Shed Hunting: Can Going Too Soon Hurt Your Chances?

Paul Annear

Finding quantities of sheds is all about timing and knowing the habitat and deer on your land. Shed hunting during optimal weather conditions is also key to success

Each year I set out to find shed antlers and with every passing shed season my excitement for sheds almost equals that of deer hunting. Shed hunting is not only an excellent activity to shake out the winter blues; it can also be valuable to planning next year’s hunts. The most valuable pre-season scouting I do occurs six months before the season during shed hunting. Not during summer months. I place more value on the leftover sign I find while shed hunting than I do summer trail camera pictures five months later. Finding shed antlers is predicated on timing and strategies.

alford-shed-hunting

Is timing really that important when it comes to finding shed antlers?

When?

Timing can be critical to finding quantities of sheds. Scouring a property too soon can result in bumping deer off your property and spending time, and possibly dropping antlers, elsewhere. Whitetails endure enough pressure during the hunting seasons and the last thing you want to do is run around your property while they are on “R&R” time. During extremely cold or snowy winters, or a drought prior to the season, deer can shed earlier but typically they will drop their antlers around the same time each year.

Using trail cameras from January through March can be very helpful. Once you begin spotting bucks carrying one side, you are best to give it a few days and then begin your first shed walk of the year. I rarely begin shed hunting before late February on my property in southwestern Wisconsin. Historically, I find the most number of sheds between late February into early April. Finding patterns of when deer shed in your area is key to coming home with a pack full of sheds. This is especially true on public land where you are competing against other shed hunters. Weather cooperating, it is hard to beat the last weekend in March for prime shed hunting.

shed-in-snow

Do you know when and where to look for sheds?

Why?

The first days following complete snowmelt (typically late March in Wisconsin) are the best days to observe trails, rubs and scrapes from the previous years rut. The woods appear just as they did on those crisp November tree-stand sits. During shed hunting, scour your entire property for missed or ignored areas such as bedding and travel corridors. Use this information to confirm your hunting strategies and also use it to employ necessary changes to increase deer hunting success.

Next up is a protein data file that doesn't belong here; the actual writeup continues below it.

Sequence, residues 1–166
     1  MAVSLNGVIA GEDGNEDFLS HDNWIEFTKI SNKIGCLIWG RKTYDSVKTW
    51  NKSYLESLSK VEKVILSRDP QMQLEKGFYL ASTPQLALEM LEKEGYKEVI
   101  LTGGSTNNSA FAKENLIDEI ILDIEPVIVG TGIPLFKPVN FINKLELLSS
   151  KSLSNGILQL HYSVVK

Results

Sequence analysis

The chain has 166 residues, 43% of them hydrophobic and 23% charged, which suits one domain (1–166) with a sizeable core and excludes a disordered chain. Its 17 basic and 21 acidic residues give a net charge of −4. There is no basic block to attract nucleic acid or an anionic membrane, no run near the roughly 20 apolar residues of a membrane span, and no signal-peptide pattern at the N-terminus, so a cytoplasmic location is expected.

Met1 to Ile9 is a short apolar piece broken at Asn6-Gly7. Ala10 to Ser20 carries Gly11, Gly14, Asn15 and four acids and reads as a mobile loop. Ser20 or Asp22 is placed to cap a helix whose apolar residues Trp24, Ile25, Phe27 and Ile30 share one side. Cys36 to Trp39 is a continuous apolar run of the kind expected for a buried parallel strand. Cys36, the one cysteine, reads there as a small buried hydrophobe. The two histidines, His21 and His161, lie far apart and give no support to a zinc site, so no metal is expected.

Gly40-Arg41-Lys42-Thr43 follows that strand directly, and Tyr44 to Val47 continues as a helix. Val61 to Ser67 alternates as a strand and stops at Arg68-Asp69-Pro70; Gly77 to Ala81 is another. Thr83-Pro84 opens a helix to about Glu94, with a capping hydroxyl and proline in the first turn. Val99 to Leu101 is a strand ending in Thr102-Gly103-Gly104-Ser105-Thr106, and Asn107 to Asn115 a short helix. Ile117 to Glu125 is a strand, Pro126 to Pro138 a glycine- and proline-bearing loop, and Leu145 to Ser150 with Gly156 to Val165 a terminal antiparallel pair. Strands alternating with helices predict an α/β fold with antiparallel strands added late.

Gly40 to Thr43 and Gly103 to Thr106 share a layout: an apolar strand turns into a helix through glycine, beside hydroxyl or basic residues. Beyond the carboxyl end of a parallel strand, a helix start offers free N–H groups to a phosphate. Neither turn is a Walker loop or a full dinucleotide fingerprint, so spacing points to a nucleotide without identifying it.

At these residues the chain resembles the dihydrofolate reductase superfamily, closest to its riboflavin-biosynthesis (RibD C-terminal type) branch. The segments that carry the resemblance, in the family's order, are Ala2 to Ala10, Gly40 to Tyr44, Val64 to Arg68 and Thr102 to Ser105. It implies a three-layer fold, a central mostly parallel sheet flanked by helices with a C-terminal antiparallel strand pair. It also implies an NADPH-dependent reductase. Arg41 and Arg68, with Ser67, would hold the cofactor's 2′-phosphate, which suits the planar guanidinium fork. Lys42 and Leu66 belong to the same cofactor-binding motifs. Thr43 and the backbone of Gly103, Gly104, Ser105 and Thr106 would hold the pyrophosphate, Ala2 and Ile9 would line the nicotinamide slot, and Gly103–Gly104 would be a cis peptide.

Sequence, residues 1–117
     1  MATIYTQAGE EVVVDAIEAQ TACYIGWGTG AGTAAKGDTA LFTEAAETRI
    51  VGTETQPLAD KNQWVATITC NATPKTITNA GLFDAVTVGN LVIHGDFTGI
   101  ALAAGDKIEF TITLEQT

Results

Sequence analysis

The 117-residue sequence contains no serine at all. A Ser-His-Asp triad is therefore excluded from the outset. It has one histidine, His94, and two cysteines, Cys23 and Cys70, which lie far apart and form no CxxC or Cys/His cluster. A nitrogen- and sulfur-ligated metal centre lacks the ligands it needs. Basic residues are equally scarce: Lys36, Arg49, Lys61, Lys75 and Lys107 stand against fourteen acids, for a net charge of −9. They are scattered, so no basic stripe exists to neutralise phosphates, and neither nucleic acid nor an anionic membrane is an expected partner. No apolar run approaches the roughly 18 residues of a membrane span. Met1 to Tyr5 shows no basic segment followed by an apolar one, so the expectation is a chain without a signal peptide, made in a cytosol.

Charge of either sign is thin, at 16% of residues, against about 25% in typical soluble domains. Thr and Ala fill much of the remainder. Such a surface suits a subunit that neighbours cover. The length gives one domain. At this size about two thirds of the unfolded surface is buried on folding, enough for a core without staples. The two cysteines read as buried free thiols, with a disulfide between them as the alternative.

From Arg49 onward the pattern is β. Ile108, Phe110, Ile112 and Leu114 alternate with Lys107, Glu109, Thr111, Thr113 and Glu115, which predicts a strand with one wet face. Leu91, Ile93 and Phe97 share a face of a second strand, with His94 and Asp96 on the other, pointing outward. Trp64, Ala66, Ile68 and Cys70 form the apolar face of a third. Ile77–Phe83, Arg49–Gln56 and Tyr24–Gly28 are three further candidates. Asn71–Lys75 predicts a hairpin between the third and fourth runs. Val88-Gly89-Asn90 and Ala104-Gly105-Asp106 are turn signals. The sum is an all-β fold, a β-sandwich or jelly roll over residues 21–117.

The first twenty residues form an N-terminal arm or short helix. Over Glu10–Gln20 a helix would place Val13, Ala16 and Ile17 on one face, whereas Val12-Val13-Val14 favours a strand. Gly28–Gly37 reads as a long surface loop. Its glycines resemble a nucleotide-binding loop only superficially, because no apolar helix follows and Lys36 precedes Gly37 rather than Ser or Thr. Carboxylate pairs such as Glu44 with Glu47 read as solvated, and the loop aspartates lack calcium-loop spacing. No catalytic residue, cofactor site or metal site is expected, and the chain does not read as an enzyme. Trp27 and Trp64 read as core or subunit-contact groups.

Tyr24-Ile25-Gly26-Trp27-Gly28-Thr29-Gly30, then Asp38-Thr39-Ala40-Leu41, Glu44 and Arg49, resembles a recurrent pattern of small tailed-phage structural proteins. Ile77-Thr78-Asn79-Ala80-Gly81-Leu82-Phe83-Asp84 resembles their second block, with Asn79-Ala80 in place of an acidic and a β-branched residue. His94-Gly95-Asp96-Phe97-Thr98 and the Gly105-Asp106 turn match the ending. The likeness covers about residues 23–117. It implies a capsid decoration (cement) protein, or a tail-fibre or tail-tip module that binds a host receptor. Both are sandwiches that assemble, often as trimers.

Searching for prized sheds is an excellent way to beat cabin fever and engage the entire family in an outdoor activity. If you are introducing children to the outdoors, shed hunting is fun way to get them moving and excited about deer; rather than telling them to sit quiet in a deer blind.

shed-antler-in-hand

Don’t miss out on gathering scouting info while shed hunting in later winter. You can learn a lot at this time of year.

How?

Shed hunting during cloudy, overcast conditions provides me with the best chance to spot a shed lying in grass or the forest floor on a bed of leaves. Couple cloudy conditions with a little rain and sheds “pop” out and are very visible. The rain produces a sheen look to the antler and darkens leaves on which they lay.

corn-field

Looking for shed antlers in the midst of a corn stubble field can be tough on the eyes.

If you can only set aside one weekend to shed hunt, you’ll obviously want to try and plan your walks during optimal shed hunting conditions. Shed hunting a picked cornfield during a bright sunny day is hard on the eyes, and after a short time, every cornstalk appears to be a Boone and Crockett shed.

In hill country, there is no better location to find sheds than south-facing bedding areas. The wintertime sun does not reach high in the sky; this limits the majority of sunshine to East and South hillsides. I have found so much success on south facing hillsides that I seldom walk North-facing slopes. North facing hills receive little sunshine, if any, and stay noticeably colder all winter long. On flat terrain, finding thick bedding areas or cedar packed sections of timber block wind and are potential hotspots for finding shed antlers. If you are searching for sheds by yourself, be sure you have a plan for covering the property you are walking. Aimlessly searching with your head down is a good way to accidentally search the same area twice. Weaving back and forth in an organized fashion ensures you cover new ground with each step. If you are walking with others, spread out about 20 yards and walk parallel with one another.

Conclusion

Much like deer hunting, shed hunting is exciting and challenging. It requires habitat knowledge, timing and strategy. Finding sheds will invariably increase your knowledge of deer behavior patterns and keep you on the hunt, even in the off-season.

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